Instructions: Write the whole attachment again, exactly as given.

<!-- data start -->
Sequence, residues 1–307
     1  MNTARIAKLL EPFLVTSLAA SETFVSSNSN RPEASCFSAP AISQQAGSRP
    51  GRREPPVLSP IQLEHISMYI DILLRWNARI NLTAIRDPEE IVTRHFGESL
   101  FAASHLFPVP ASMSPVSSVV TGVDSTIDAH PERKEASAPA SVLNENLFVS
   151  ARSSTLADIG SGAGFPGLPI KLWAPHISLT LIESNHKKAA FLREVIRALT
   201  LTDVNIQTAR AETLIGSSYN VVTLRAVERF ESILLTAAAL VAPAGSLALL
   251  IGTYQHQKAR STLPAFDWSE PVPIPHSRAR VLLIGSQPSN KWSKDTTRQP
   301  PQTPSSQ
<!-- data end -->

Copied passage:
Sequence, residues 1–307
     1  MNTARIAKLL EPFLVTSLAA SETFVSSNSN RPEASCFSAP AISQQAGSRP
    51  GRREPPVLSP IQLEHISMYI DILLRWNARI NLTAIRDPEE IVTRHFGESL
   101  FAASHLFPVP ASMSPVSSVV TGVDSTIDAH PERKEASAPA SVLNENLFVS
   151  ARSSTLADIG SGAGFPGLPI KLWAPHISLT LIESNHKKAA FLREVIRALT
   201  LTDVNIQTAR AETLIGSSYN VVTLRAVERF ESILLTAAAL VAPAGSLALL
   251  IGTYQHQKAR STLPAFDWSE PVPIPHSRAR VLLIGSQPSN KWSKDTTRQP
   301  PQTPSSQ